886 F2d 28 United States v. J Laughy

886 F.2d 28

UNITED STATES of America, Appellee,
Harry J. LAUGHY, Jr., Defendant-Appellant.

No. 1429, Docket 89-1157.

United States Court of Appeals,
Second Circuit.

Argued Aug. 16, 1989.
Decided Sept. 19, 1989.

William K. Sessions, III, Sessions, Keiner, Dumont & Barnes, Middlebury, Vt., submitted a brief, for defendant-appellant.

David V. Kirby, Asst. U.S. Atty., Chief, Crim. Div., D.Vt., argued, and with George J. Terwilliger, III, U.S. Atty., R. Jeffrey Behm, Asst. U.S. Atty., submitted a brief, for appellee.

Before MINER and ALTIMARI, Circuit Judges, and KELLEHER, District Judge.*



Harry J. Laughy, Jr., appeals from the sentence imposed by the United States District Court, District of Vermont (Billings, J.), after his plea of guilty to unarmed bank robbery in violation of 18 U.S.C. Sec. 2113(a). Laughy was sentenced pursuant to the Federal Sentencing Guidelines.


This appeal raises the question of whether an inoperable pellet gun is a "dangerous weapon" within the meaning of Guideline Sec. 2B3.1(b)(2)(C). We find that it is and therefore affirm the district court.



On July 5, 1988 Laughy walked into the Merchants Bank in Jericho, Vermont. Brandishing what appeared to be a large pistol, Laughy ordered the bank's tellers to fill a pillowcase with cash. He escaped in a car and was later arrested in Stowe, Vermont. Of the $9,200 in stolen cash, the arresting officers recovered $9,189 from Laughy's car. The officers could not locate the weapon.


In order to locate the weapon, the government enlisted Laughy's aid. In return for his cooperation, the government agreed not to use the weapon against him at trial. The weapon was ultimately retrieved. It was a pellet gun, inoperable at the time of the robbery because it was unloaded and needed a fresh CO2 cartridge.


Laughy was charged in a one-count indictment with armed bank robbery in violation of 18 U.S.C. Sec. 2113(d). He later pled guilty to the lesser charge of unarmed bank robbery. The presentence report recommended a three level increase in the base offense level for robbery because Laughy had brandished a dangerous weapon during the commission of the crime. See Guideline Sec. 2B3.1(b)(2)(C) (if a firearm or other dangerous weapon was brandished, displayed or possessed, increase by three levels). Laughy objected to the application of Sec. 2B3.1(b)(2)(C) inasmuch as the pellet gun was inoperable at the time of the robbery.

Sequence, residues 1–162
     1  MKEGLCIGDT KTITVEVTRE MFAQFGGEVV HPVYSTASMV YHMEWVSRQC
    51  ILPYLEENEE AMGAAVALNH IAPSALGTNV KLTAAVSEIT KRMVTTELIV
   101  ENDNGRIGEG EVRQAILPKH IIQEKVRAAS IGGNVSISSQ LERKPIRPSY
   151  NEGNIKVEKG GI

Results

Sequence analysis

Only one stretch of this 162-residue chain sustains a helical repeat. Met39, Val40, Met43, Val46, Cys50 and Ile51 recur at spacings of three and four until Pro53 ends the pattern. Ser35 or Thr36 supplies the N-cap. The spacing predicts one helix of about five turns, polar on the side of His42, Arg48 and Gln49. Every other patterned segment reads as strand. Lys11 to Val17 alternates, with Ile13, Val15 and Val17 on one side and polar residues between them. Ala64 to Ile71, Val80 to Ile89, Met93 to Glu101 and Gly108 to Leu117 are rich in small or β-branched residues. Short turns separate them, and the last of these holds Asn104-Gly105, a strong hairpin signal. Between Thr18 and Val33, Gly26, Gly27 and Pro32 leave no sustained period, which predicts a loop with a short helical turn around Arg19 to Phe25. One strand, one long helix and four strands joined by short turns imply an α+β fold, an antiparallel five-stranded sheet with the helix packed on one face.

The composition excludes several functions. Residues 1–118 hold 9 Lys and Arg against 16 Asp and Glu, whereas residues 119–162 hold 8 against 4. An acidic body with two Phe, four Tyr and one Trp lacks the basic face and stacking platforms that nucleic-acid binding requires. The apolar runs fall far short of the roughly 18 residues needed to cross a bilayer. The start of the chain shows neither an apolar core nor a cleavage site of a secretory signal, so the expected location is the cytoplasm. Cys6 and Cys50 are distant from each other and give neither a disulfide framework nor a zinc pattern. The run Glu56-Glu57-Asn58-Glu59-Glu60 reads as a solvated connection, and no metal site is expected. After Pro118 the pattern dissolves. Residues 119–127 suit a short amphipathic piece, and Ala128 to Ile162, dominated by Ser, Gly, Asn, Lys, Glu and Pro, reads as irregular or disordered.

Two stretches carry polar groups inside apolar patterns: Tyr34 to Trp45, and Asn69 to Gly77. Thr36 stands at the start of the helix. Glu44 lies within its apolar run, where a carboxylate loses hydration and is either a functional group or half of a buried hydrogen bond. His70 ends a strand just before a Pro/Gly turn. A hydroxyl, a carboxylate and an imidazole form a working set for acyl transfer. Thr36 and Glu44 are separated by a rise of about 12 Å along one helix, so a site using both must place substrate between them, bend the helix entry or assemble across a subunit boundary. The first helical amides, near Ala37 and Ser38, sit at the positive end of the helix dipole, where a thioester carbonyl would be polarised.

The district court conducted a hearing on Laughy's objections to the presentence report. In support of the application of Sec. 2B3.1(b)(2)(C), the government introduced photographs of Laughy taken during the robbery which showed him brandishing a weapon. In addition, the government introduced a forensic analysis of the photographs which concluded that the weapon was a pellet gun. Laughy requested an additional hearing for the purpose of challenging the forensic analysis. This request was denied.


The district court determined that Laughy did brandish a weapon during the robbery, and that the weapon was a pellet gun. In making this determination, the court relied on the photographs and the forensic analysis, and not on the actual weapon. Accordingly, Laughy's base offense level was increased by three levels pursuant to Sec. 2B3.1(b)(2)(C).



Laughy argues on appeal that an inoperable pellet gun is not a "dangerous weapon" within the meaning of Sec. 2B3.1(b)(2)(C). In the alternative, he argues that the district court should have scheduled a new hearing to determine the accuracy of the forensic reports. Both arguments must be rejected.


Commentary to Guideline Sec. 1B1.1, Application Note 1(e), states that a pellet gun is a dangerous weapon. The Supreme Court has held that a gun is a dangerous weapon whether loaded or unloaded. McLaughlin v. United States, 476 U.S. 16, 106 S.Ct. 1677, 90 L.Ed.2d 15 (1986) (unloaded gun is a dangerous weapon within the meaning of the federal bank robbery statute, 18 U.S.C. Sec. 2113(d)). Accord U.S. v. Coburn, 876 F.2d 372, 375 (5th Cir.1989); U.S. v. Martinez Jimenez, 864 F.2d 664, 666 (9th Cir.1989); U.S. v. Gray, 808 F.2d 1432 (11th Cir.1989). As the McLaughlin Court explained:


[A] gun is an article that is typically and characteristically dangerous; the use for which it is manufactured and sold is a dangerous one, and the law reasonably may presume that such an article is always dangerous even though it may not be armed at a particular time or place. In addition, the display of a gun instills fear in the average citizen; as a consequence, it creates an immediate danger that a violent response will ensue.


476 U.S. at 17-18, 106 S.Ct. at 1678 (footnote omitted).


Laughy has not offered, nor do we perceive, any sound reason to depart from the Supreme Court's analysis in McLaughlin. Consequently, we hold that an inoperable pellet gun is a dangerous weapon for the purposes of Guideline Sec. 2B3.1(b)(2)(C).


The photographs taken during the robbery clearly showed Laughy brandishing a gun, and during the sentencing hearing Laughy's counsel admitted that the gun was a pellet gun. On this record, the district court was entirely correct in applying Sec. 2B3.1(b)(2)(C) without a further evidentiary hearing.


Finally, Laughy appears to urge that consideration of the gun as a factor in his sentence violated his agreement with the government that the gun would not be used against him. However, he has conceded in his brief that the agreement did no more than preclude use of the gun as evidence at trial. Accordingly, it was not error for the district court to consider the gun in determining an appropriate sentence.


The judgment of the district court is affirmed.


Honorable Robert J. Kelleher, United States District Judge for the Central District of California, sitting by designation